Saturday, April 7, 2012

Our Story

 weeping may endure for a night

Up until the 32nd week of my pregnancy, I was considered "low-risk." The baby was growing as expected, there had been little in the way of complication and we were heading towards the mid-April due date exactly as we had expected.

Probably our fault for getting too comfortable...

At a regular appointment with my OB in mid-February, my blood pressure measured above normal and I tested positive for protein in my urine. Many of you will know that these are both troubling signs of potential pre-eclampsia.  The condition is now commonly known as "pregnancy-induced hypertension," or PIH.

Just like that, I became a high-risk case, no longer able to work and visited daily by nurses at home to have my blood pressure checked and the baby monitored.  My activities were restricted and eventually, I was prescribed some medication to keep the BP in further check. We were informed that we would eventually see signs that the placenta was no longer providing the needed nutrition to the baby. We were told to prepare for the possibility of an early birth and that our goal was to get as close to 37 weeks as we possibly could.

We almost made it.

A day before we hit 35 weeks, our ultrasound showed that the baby had not grown the expected amount in the previous two weeks and that the fluid levels in the uterus had fallen.  I confess to not being particularly surprised by this news; I had been aware that I was not getting bigger in that aggressive third-trimester way.  The doctor who reviewed the ultrasound told us that we had reached the expected point and that our baby was better off getting nutrition outside the womb than inside it.

I was admitted at 9am on Monday morning and the induction process was begun shortly after noon.

WH stayed with me for the afternoon and evening on Monday and then went home to sleep as we knew that the induction process was likely to be long.  Monday night was very trying... I was not having any contractions, but I was cramping and was too uncomfortable to sleep for longer than an hour at a time.  I spent most of the time staring at the clock and rocking back and forth to try to alleviate pressure.  And trying not to cry.

Tuesday morning brought the very first signs that our baby may not tolerate labour.  Very small drops in heart rate, from which the baby immediately recovered, led to a need to test the baby's ability to withstand contractions.  I was given very small doses of oxytocin and we watched to see how the baby would react.  The baby passed and full oxytocin was begun.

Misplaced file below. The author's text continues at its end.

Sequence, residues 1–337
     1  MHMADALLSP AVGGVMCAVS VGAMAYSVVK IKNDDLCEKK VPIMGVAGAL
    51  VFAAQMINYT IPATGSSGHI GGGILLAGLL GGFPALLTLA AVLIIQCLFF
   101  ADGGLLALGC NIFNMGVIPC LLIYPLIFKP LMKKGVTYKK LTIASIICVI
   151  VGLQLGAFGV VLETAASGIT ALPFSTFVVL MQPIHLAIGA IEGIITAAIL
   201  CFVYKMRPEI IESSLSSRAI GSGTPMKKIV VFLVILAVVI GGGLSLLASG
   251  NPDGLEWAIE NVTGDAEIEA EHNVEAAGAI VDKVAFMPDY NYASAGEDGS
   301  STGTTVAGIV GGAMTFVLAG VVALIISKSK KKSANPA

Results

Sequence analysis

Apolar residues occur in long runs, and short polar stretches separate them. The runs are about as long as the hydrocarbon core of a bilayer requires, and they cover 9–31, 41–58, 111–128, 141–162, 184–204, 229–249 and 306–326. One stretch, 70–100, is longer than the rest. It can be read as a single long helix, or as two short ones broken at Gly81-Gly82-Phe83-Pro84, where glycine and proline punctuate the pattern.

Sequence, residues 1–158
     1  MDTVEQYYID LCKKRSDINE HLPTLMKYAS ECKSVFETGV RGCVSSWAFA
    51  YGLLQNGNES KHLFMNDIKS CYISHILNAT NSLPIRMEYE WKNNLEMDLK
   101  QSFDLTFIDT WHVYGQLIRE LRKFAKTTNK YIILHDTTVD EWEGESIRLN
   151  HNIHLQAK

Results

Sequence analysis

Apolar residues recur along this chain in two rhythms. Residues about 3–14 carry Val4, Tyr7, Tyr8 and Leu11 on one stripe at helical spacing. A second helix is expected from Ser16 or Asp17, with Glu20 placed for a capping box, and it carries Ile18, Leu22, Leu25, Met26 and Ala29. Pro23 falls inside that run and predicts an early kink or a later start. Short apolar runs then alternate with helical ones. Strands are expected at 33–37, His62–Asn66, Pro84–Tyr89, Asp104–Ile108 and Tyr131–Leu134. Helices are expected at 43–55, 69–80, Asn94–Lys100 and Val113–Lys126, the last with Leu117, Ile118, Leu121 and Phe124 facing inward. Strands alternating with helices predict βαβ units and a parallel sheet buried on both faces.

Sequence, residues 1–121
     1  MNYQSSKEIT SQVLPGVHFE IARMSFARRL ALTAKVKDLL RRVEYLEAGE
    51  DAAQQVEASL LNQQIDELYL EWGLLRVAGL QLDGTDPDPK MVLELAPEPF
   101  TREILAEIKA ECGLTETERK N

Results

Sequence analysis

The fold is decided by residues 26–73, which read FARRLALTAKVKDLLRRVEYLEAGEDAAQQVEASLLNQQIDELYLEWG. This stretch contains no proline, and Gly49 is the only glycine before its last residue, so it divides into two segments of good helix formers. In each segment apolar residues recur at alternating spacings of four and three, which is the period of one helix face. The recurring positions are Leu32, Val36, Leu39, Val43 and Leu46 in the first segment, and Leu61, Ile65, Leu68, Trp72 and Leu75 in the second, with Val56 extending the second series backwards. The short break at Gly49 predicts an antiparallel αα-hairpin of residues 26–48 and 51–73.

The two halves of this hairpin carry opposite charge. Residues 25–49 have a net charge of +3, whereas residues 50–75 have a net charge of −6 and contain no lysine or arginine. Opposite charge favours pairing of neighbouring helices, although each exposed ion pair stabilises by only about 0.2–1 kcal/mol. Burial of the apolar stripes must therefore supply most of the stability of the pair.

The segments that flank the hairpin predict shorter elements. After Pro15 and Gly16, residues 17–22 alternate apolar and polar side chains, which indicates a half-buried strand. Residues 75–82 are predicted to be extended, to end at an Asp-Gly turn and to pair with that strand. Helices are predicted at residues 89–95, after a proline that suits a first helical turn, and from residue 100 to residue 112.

Labour began to come on fairly strongly in the afternoon on Tuesday and my water broke shortly thereafter.  WH and the Maternal Unit took turns rubbing my back and legs as the contractions came and went.  Occasionally, I added to the drama by throwing up.   Still, the little heart rate went down and up again, down and up again.  We watched and held our breath.

I had an epidural in the evening on Tuesday and WH and I managed to sleep.

Early in the morning on Wednesday, the resident came and checked my progress.  Frustratingly... disappointingly... only a centimeter and a half.  Down and up again...  We were given the option of continuing with labour and monitoring the baby for another two or three hours or progressing to a c-section.  Given the issues with the baby's heart-rate and my increasing exhaustion, we chose to go straight to the surgery.  It was time.

but joy cometh in the morning

I was wheeled to the operating room at about 5:30am on Wednesday morning. We were delayed a short amount of time while another emergency c-section took place, so WH and I finalized our choices for names and asked each other about 50 times if each other was ok. "You ok?"  "Yup. You?" "Yup."

I felt very calm heading into surgery, but overwhelmed that we were about to find out whether we were parents to a boy or a girl.  As that moment came closer and closer, I became increasingly emotional.  I had been quite dozy as we waited for surgery, but the surgery itself brought intense clarity of consciousness and focus.

"We're getting close!" "We're almost there!" "Come on, little one!"

And then, at 6:30am on Wednesday, March 14, our little girl was born.  Our. Little. Girl. Four pounds, one ounce of perfection.